Grey partridge (Perdix perdix)

Shooting & Conservation

Conserving the Grey Partridge

The estate is famous for its wild game bird shoot and conservation record. In the days of the third Earl of Leicester in the early 1900s, invitations to shoot at Holkham were much sought after. Back then, grey partridge were the most common game birds in the country.

The Holkham game books, which run consecutively from 1793, provide a unique insight into the amount and variety of wild game that abounded at that time. The outside beats of Warham and Wighton were perhaps best known for the quality of their partridge shooting and in one day in 1905, a record bag of 1,671 grey partridge were shot on the Warham beat. In recent years, populations of these beautiful birds and many other farmland birds have plummeted dramatically, on a national scale. The birds have been under constant pressure from changes in farming which, in turn, have led to a decline in the population of those insects which are vital for young chicks to feed on, if they are to survive the first few weeks of their lives. Lack of natural feed and an increase in predation has seen many estates lose completely their populations of grey partridge. However, because of Holkham’s policy of conservation and wild bird management, we still have a viable stock of grey partridge on the estate.

We have a game department, which manages 16,000 of the estate’s 25,000 acres. Each keeper is responsible for the day-to-day running of his beat. Predator control is their main task. Foxes are controlled all year round, as the fox population is constantly rising, which keeps continuous pressure on all populations of ground nesting birds, not just game birds. Smaller predators such as stoats and weasels are caught in tunnel traps, sited in hedgerows and other places, which the keepers know the animals use when hunting their prey. Rats are also trapped and poisoned, as their numbers are on the increase. Corvids are kept in check through shooting and the use of Larsen traps. The main season for predator control is the early spring when our aim is to reduce predator numbers so that more pheasants and partridges can produce, sit on and eventually hatch their young in relative safety. However, for these birds to be successful and to maintain a good stock, the habitat also has to be right. We try to provide adequate nesting cover near a source of insects. Most partridges nest in the base of hedges where there is ample cover. Making sure that insects are available at the right time for the chicks to feed on is vitally important, so we plant autumn brood rearing crops, such as cereal and lucerne. These are not sprayed or fertilised, which is more natural for the insects and their larvae. We also drill larger areas of wild bird mix, which help to hold and feed birds throughout the winter months. As an additional benefit, these mixes also feed a myriad of songbirds and small mammals.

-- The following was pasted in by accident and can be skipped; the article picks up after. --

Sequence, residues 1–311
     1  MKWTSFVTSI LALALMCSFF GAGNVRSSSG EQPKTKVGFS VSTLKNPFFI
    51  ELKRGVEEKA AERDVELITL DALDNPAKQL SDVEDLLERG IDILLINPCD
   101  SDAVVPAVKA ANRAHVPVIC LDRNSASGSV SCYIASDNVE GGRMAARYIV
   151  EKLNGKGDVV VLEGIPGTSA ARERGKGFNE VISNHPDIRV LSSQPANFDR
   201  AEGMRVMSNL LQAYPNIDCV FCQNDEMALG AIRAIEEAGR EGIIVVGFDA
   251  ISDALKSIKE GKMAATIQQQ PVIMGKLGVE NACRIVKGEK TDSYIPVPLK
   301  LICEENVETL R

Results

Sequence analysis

Winter losses are among the biggest problems of partridge management. Often, these are the result of predation, disease or migration due to unsuitable habitat. When the partridges pair up in the late winter and early spring, they are particularly vulnerable to attacks from birds of prey. Leaving a strip of weeds or a crop such as yellow blossom clover can give the birds somewhere to hide from airborne predators.

Hundreds of small feed hoppers have been sited across the estate to ensure that the birds have access to wheat all year round. This keeps the birds in good condition and cuts down on the time they spend foraging about, making themselves more open to predation. The hens also go in to lay in much better condition and as a result, are less likely to desert the nest in order to feed. We keep a close eye on our population of partridge and carry out counts on each beat in both autumn and spring.

Our partridge numbers are increasing due to the various management methods we employ. One element that the gamekeepers are unable to manage however, is the weather, which can have a dramatic effect on chick production, which in turn effects the spring pair counts due to the lack of production in the summer. One of our most effective management techniques is the picking up of eggs from the wild and hatching them under broody hens. We rear the chicks until they are approximately 6-8 weeks old and then foster them back to any pair of partridges who have lost their young (barren pairs). Our continued conservation policy coupled with new European agri-environment schemes and other management schemes, should ensure that our grey partridges continue to prosper, along with the skylarks, tree sparrows, turtledoves and many other rare and valuable species.